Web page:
The character of Mickey Spillane's tough-guy private eye, Mike Hammer, had already been the subject of three feature films by 1963 (including 1955’s classic KISS ME DEADLY, directed by Robert Aldrich), but Spillane had never been satisfied with his famous shamus’ portrayal. In THE GIRL HUNTERS, directed by Roy Rowland, Spillane decided to take on the Hammer role himself and show Hollywood how it should be done.
Based on the first Mike Hammer book in seven years, THE GIRL HUNTERS begins with Mike Hammer lying drunk in an alley and his beloved secretary, Velda, presumed dead. But when Hammer discovers from a dying FBI agent that his girl Friday is not only still alive, but the target of a Communist assassin code named The Dragon, he pulls himself out of the gutter, slaps on the trenchcoat and porkpie hat, and dusts off his .45 automatic, ready to play St. George.
Plagued by a repetitive, annoying musical score and a somewhat over-talky screenplay by Spillane himself, THE GIRL HUNTERS is still a decent, if low budget, private eye movie, packed with Cold War paranoia and a powerful last act. Spillane is surprisingly good as Hammer, handling his dialogue – and his love scenes – with natural confidence. Shirley Eaton (GOLDFINGER, THE GIRL FROM RIO) is an effective femme fatale who looks great in a bikini, and veteran character actor Lloyd Nolan (who’d played P.I. Michael Shayne in a series of 40’s films) is great as Hammer’s FBI ally.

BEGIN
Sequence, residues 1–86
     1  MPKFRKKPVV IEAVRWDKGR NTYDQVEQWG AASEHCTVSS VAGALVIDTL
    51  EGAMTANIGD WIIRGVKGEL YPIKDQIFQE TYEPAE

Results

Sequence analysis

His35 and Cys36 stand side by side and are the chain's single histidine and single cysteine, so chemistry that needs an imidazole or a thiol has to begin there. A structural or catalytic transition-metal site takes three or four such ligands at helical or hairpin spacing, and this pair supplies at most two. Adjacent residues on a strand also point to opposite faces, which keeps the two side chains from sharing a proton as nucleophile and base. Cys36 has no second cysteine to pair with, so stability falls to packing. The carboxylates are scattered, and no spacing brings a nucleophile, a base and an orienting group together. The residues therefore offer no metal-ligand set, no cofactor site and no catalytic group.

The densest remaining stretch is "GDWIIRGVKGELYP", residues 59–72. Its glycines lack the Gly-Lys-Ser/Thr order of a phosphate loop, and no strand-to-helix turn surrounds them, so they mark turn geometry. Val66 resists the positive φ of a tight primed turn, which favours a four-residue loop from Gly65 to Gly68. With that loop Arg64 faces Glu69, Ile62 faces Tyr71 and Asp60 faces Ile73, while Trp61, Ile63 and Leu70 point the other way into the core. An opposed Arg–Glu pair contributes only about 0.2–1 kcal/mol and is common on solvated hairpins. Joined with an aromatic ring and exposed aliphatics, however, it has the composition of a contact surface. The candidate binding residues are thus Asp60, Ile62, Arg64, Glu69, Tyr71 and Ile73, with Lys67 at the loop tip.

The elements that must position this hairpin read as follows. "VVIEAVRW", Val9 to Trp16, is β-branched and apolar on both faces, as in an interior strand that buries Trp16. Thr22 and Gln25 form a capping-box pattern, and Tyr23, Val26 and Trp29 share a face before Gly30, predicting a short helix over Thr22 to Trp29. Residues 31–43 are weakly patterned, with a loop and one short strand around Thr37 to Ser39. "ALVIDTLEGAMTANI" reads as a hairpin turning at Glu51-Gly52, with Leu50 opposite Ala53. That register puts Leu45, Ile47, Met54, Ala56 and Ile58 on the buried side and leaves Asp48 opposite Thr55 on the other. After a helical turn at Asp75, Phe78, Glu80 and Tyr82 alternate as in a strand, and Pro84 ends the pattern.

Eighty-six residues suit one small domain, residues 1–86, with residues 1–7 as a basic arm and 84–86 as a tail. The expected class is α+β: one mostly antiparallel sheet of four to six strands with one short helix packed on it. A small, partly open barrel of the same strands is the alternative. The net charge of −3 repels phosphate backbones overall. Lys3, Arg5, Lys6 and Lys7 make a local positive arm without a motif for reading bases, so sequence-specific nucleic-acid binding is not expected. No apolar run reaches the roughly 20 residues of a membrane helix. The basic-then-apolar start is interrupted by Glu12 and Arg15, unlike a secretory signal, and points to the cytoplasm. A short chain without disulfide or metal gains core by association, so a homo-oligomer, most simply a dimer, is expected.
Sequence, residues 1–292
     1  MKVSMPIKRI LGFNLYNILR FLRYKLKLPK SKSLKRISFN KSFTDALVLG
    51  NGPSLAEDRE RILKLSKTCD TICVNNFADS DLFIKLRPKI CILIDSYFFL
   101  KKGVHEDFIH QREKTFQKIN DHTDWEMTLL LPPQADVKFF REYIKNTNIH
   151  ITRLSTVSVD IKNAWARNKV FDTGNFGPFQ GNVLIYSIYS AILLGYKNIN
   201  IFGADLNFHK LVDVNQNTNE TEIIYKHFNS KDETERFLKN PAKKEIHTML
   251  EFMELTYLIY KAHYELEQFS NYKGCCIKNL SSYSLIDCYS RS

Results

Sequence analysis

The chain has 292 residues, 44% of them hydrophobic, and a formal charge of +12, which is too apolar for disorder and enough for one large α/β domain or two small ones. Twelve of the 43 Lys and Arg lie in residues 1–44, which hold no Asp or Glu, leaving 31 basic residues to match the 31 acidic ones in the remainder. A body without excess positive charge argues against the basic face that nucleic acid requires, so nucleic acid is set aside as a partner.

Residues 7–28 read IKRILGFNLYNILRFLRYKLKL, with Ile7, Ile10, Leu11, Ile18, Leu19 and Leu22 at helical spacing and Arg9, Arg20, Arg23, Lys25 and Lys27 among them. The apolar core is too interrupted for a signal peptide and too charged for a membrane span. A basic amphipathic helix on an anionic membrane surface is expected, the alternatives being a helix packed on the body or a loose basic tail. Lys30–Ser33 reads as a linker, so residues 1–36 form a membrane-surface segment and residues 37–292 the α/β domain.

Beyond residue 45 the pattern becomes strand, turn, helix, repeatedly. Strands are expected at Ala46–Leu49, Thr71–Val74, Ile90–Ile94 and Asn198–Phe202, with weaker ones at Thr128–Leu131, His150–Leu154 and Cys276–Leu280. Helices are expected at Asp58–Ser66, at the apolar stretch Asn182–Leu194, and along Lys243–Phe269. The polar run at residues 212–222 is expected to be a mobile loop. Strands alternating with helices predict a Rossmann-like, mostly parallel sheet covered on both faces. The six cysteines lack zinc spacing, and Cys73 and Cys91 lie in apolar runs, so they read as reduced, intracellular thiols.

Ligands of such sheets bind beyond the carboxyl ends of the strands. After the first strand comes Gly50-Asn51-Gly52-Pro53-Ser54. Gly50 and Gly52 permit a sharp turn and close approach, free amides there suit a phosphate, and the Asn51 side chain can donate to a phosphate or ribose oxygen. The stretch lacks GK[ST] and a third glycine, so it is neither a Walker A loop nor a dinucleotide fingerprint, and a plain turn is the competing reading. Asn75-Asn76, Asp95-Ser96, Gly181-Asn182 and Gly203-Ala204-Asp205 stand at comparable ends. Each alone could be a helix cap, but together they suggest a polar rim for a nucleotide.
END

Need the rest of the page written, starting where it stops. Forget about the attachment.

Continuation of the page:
Image Entertainment’s DVD came out early in the DVD era, and is a bare-bones affair that includes no bonus features whatsoever, but at least presents the movie in its proper 2.35:1 aspect ratio.
THE GIRL HUNTERS disc can be hard to find these days, but is well-worth tracking down if you're a Hammer – or Spillane – fan.
BUY: The Girl Hunters